Loss of bone mass in the jaws (particularly the alveolar portion), dryness of the mouth, thinning of the oral mucosa, and impaired coordination of lip, cheek, and tongue movements may make denture retention difficult.
The taste buds become less sensitive, so the older patient may add abundant seasonings, particularly salt (which is harmful for some), or they may desire very hot foods for more taste, sometimes burning the often atrophic oral mucosa.
Gingival recession and xerostomia contribute to development of root caries Caries Caries is tooth decay, commonly called cavities. The symptoms—tender, painful teeth—appear late. Diagnosis is based on inspection, probing of the enamel surface with a fine metal instrument... read more .
Despite these changes, improved dental hygiene has greatly decreased the prevalence of tooth loss, and most older people can expect to retain their teeth.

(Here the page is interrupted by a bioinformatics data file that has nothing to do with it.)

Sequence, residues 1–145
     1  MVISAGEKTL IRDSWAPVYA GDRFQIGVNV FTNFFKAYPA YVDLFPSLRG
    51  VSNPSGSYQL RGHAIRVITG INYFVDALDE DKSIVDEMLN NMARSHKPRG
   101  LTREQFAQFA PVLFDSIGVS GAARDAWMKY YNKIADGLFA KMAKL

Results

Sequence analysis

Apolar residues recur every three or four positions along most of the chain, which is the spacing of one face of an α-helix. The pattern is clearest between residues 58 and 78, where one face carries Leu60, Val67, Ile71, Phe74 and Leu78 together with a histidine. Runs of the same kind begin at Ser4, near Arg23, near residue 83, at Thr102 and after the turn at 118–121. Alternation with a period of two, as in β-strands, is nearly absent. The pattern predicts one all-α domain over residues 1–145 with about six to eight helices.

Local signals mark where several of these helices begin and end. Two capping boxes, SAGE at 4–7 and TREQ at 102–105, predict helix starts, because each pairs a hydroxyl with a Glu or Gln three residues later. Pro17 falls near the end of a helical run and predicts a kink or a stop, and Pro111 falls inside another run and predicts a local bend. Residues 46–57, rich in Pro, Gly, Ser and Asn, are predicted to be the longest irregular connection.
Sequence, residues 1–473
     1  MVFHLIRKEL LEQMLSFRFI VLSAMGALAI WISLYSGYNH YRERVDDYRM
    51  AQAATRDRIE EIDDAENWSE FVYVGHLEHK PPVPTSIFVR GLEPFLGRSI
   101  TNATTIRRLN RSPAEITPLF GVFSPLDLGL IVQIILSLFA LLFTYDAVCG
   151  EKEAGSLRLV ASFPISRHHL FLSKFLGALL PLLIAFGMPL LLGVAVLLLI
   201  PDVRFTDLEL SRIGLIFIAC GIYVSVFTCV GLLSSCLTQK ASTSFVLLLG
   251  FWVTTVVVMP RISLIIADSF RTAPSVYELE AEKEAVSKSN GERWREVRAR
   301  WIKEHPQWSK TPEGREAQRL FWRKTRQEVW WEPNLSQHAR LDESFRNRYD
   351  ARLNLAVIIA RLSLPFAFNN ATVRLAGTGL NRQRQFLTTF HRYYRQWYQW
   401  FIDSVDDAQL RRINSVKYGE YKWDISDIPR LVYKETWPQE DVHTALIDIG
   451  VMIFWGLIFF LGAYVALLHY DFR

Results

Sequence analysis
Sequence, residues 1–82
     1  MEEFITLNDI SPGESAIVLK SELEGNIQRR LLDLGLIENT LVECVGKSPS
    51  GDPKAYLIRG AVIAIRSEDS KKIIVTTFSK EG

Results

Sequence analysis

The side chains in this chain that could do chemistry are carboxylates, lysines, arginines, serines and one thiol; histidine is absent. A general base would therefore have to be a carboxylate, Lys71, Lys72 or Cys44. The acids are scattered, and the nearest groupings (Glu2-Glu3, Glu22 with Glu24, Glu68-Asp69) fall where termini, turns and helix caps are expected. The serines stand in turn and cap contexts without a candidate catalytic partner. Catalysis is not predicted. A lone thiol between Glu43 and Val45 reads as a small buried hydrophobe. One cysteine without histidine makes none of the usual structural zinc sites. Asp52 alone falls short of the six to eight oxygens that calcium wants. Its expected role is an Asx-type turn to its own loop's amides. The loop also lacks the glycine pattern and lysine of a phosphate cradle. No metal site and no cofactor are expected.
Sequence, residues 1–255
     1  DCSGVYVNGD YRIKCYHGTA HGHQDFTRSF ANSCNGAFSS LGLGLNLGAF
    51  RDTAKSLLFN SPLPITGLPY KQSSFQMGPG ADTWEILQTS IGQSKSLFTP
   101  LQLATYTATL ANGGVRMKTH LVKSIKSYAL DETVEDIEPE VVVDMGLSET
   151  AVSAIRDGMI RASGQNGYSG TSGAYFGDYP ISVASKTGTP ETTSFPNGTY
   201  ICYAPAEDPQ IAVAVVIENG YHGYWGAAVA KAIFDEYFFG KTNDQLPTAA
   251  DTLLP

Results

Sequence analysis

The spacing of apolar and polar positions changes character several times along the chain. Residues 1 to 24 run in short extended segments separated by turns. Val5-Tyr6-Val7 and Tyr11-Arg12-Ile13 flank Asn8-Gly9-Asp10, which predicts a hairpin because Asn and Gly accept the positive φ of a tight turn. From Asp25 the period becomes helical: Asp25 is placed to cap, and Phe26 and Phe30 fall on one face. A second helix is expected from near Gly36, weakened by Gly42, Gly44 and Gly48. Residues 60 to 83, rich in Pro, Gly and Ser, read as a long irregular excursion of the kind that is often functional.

Poor oral health contributes to poor nutritional intake, which impairs general health. Dental disease (particularly periodontitis Periodontitis Periodontitis is a chronic inflammatory oral disease that progressively destroys the tooth-supporting apparatus. It usually manifests as a worsening of gingivitis and then, if untreated, with... read more ) is associated with a 2-fold increased risk of coronary artery disease Overview of Coronary Artery Disease Coronary artery disease (CAD) involves impairment of blood flow through the coronary arteries, most commonly by atheromas. Clinical presentations include silent ischemia, angina pectoris, acute... read more . Edentulous patients cannot have periodontitis because they do not have a periodontium, although periodontitis may have resulted in their tooth loss. Aspiration pneumonia Aspiration Pneumonitis and Pneumonia Aspiration pneumonitis and pneumonia are caused by inhaling toxic and/or irritant substances, usually gastric contents, into the lungs. Chemical pneumonitis, bacterial pneumonia, or airway obstruction... read more in patients with periodontitis can involve anaerobic organisms and has a high mortality rate. Severe bacteremias secondary to acute or chronic dental infection may contribute to brain abscesses Brain Abscess A brain abscess is an intracerebral collection of pus. Symptoms may include headache, lethargy, fever, and focal neurologic deficits. Diagnosis is by contrast-enhanced MRI or CT. Treatment is... read more , cavernous sinus thrombosis Cavernous Sinus Thrombosis Cavernous sinus thrombosis is a very rare, typically septic thrombosis of the cavernous sinus, usually caused by nasal furuncles or bacterial sinusitis. Symptoms and signs include pain, proptosis... read more , endocarditis Infective Endocarditis Infective endocarditis is infection of the endocardium, usually with bacteria (commonly, streptococci or staphylococci) or fungi. It may cause fever, heart murmurs, petechiae, anemia, embolic... read more , prosthetic joint infections Prosthetic Joint Infectious Arthritis Prosthetic joints are at risk of acute and chronic infection, which can cause sepsis, morbidity, or mortality. Patients often have a history of a recent fall. Symptoms include joint pain, swelling... read more , and unexplained fevers.